Dennis Frenchman

Professor of Urban Design and Planning

Dennis Frenchman is the Class of 1922 Professor of Urban Design and Planning at MIT, where he is Founder and Chair of DesignX, the school’s program for accelerating innovation in design cities, and the human environment. He has served as Director of the Center for Real Estate, Associate Dean of the school, chair of the Masters in City Planning degree program, and head of the City Design and Development group. Professor Frenchman has taught and practiced extensively in Asia, Europe, and South America and served as External Advisor on urban livability to the President of the World Bank. An architect and city designer, he has a distinguished record of practice, most recently as senior principal of Tekuma Frenchman Urban Design LLC, with projects in Asia, the Middle East, and Latin America.

Dennis Frenchman’s practice and research focuses on the transformation of cities. He is an expert on the application of digital technology to city design and has designed large-scale, media oriented cities and industrial clusters including Seoul Digital Media City in Korea, the Digital Mile in Zaragoza, Spain, Media City: UK in Salford, England, Twofour54 in Abu Dhabi, Ciudad Creativa Digital, Guadalajara, Mexico, and the Medellin Innovation District in Columbia. He has a particular interest in the redevelopment of industrial sites and has prepared plans for the renewal of textile mill towns, canals, rail corridors, steels mills, coal and oil fields, shipyards and ports, including many of international cultural significance. Currently he is leading an MIT research effort to develop new models for clean energy urbanization in China, sponsored by the Energy Foundation.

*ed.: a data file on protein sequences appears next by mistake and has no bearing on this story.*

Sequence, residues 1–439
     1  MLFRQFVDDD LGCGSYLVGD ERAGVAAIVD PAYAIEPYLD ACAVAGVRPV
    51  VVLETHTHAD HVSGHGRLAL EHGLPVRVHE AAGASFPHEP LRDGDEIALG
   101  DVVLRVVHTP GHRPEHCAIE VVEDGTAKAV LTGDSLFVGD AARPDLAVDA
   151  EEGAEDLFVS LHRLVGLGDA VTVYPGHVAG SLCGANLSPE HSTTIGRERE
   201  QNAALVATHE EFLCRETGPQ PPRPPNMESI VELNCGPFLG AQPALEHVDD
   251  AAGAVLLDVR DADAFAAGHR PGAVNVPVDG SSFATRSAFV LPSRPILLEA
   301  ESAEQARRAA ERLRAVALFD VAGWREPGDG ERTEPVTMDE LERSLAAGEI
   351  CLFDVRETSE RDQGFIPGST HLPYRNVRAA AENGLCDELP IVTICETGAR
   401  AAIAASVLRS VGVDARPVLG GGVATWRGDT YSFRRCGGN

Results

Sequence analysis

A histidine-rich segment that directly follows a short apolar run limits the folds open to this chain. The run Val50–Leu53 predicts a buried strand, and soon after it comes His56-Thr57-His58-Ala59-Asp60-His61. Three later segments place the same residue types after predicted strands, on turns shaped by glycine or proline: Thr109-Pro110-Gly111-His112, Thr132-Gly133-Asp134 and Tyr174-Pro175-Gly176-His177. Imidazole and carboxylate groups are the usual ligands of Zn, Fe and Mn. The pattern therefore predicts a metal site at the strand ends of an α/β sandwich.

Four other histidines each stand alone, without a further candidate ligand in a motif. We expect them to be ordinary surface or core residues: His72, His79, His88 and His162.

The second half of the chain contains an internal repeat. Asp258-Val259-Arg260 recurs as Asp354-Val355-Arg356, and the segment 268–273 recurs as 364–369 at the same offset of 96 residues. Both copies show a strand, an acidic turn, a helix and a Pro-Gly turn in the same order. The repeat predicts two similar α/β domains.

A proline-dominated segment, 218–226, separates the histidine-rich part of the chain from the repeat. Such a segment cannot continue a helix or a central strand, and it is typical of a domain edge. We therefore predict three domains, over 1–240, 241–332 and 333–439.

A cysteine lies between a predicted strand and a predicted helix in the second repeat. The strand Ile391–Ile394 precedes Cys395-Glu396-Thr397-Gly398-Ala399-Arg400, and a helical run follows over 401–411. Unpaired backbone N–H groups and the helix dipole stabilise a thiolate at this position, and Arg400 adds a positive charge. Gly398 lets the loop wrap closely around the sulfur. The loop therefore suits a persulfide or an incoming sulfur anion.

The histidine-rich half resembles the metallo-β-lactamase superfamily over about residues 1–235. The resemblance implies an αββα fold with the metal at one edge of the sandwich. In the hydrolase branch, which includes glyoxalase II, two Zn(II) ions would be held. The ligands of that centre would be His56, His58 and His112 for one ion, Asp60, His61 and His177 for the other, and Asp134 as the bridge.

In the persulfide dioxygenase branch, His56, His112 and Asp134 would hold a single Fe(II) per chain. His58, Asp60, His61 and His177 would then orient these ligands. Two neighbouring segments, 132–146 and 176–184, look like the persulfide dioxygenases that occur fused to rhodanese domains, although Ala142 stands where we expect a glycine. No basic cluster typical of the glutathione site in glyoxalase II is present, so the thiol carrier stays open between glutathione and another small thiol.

Professor Frenchman is the author of articles and books on advanced urban design, including Technological Imagination and the Historic City (2008, Ligouri, with William J. Mitchell, et al). His work has been widely recognized including awards from Progressive Architecture, the American Institute of Architects, and three citations from the American Planning Association for the most outstanding projects in the United States.